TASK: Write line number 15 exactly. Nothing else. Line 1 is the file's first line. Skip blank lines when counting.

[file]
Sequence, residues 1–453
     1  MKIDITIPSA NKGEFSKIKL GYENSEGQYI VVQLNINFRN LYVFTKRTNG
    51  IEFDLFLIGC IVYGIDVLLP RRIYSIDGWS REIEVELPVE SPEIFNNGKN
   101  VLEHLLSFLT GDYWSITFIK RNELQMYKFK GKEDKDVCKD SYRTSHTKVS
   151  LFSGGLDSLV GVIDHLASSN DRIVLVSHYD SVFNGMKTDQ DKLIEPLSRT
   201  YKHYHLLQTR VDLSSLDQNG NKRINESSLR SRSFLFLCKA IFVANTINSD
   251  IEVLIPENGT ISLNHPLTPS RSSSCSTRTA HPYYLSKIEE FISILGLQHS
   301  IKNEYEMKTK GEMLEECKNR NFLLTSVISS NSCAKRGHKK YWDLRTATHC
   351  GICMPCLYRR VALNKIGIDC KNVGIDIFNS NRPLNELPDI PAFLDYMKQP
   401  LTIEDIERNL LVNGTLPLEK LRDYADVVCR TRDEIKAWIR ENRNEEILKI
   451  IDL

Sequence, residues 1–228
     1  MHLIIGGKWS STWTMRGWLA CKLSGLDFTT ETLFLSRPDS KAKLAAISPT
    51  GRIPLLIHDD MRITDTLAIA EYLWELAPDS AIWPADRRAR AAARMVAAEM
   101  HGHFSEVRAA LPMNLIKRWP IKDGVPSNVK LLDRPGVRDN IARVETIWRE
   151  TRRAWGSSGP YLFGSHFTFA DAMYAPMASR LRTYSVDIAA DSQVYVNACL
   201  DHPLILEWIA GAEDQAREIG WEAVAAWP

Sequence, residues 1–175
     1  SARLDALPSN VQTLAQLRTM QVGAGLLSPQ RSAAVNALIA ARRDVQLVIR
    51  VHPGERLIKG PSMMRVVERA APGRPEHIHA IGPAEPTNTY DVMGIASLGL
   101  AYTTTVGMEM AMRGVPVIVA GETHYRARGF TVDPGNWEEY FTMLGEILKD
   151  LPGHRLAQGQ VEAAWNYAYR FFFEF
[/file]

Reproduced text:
   101  HGHFSEVRAA LPMNLIKRWP IKDGVPSNVK LLDRPGVRDN IARVETIWRE